Achievement Effects of Individual Performance Incentives in a Teacher Merit Pay Tournament
This paper examines the role of worker performance feedback and measurement precision in the design of incentive pay systems, specifically in the context of an individual teacher value-added merit pay tournament. We first build a model in which workers use proximity to an award threshold to update their beliefs about their own ability, which informs their expected marginal return to effort. The model predicts that effort will be maximized at some point proximal to but above the award threshold in order to maximize the likelihood of winning an award when effort translates into value-added with noise. As the noise in the value-added measure increases, teacher effort becomes less responsive to prior value-added because the value-added score becomes a less reliable measure of ability. Using administrative teacher-student linked data from Houston, we test the central prediction of the model that there should be excess achievement gains near award thresholds. The data strongly reject the existence of such excess gains. We argue that a likely reason for this lack of responsiveness is that the value-added measures used to determine awards were too noisy to provide informative feedback about one's ability.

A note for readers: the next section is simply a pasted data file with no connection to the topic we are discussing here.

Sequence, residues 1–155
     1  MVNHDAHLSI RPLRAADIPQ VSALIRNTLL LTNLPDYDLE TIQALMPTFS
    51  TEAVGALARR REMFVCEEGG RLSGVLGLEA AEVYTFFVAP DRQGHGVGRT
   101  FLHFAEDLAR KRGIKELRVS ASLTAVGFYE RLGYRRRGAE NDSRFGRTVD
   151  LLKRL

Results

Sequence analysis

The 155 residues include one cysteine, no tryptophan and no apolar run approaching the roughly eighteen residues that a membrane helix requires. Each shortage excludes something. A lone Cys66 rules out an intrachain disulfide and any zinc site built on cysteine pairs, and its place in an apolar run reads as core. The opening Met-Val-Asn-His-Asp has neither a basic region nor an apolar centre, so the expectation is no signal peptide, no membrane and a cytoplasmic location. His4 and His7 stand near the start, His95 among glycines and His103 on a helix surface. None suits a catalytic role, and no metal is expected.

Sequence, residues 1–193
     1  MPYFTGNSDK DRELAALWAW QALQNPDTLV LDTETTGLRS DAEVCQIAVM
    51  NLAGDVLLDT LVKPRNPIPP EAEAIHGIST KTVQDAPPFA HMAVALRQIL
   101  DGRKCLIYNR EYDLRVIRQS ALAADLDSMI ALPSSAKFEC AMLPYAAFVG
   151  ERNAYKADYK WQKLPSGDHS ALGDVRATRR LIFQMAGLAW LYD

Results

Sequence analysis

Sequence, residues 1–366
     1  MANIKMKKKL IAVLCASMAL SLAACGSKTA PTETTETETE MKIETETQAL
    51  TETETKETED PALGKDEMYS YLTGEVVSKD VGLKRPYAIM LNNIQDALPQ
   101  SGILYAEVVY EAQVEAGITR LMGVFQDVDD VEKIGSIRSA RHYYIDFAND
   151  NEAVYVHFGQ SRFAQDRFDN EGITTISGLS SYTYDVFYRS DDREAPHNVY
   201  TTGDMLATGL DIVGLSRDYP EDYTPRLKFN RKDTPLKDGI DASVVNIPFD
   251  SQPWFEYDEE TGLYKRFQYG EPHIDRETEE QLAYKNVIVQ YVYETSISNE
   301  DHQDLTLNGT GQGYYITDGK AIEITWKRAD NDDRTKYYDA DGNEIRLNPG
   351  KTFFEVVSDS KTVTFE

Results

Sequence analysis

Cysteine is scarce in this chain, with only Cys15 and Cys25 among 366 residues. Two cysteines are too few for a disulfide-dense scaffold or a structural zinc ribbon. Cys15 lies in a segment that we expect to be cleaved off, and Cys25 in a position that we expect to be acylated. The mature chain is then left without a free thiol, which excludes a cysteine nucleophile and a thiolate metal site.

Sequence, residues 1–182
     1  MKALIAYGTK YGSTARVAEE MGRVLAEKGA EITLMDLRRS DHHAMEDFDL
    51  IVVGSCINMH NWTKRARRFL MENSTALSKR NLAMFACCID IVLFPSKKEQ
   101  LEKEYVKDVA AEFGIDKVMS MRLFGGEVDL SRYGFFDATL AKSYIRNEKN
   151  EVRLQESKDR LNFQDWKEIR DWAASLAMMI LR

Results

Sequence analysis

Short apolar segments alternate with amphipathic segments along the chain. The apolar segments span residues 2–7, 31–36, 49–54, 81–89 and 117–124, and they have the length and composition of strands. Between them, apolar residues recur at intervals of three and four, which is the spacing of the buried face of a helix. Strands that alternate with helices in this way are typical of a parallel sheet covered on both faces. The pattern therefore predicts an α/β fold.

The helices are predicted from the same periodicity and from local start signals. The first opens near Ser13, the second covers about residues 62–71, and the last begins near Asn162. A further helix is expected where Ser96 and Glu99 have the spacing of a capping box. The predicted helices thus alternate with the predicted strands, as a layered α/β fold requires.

Brehm, Margaret, Scott A. Imberman, and Michael F. Lovenheim. 2017. “Achievement effects of individual performance incentives in a teacher merit pay tournament.” Labour Economics 44: 133-150.
Teacher incentive pay, Value-added, Teacher productivity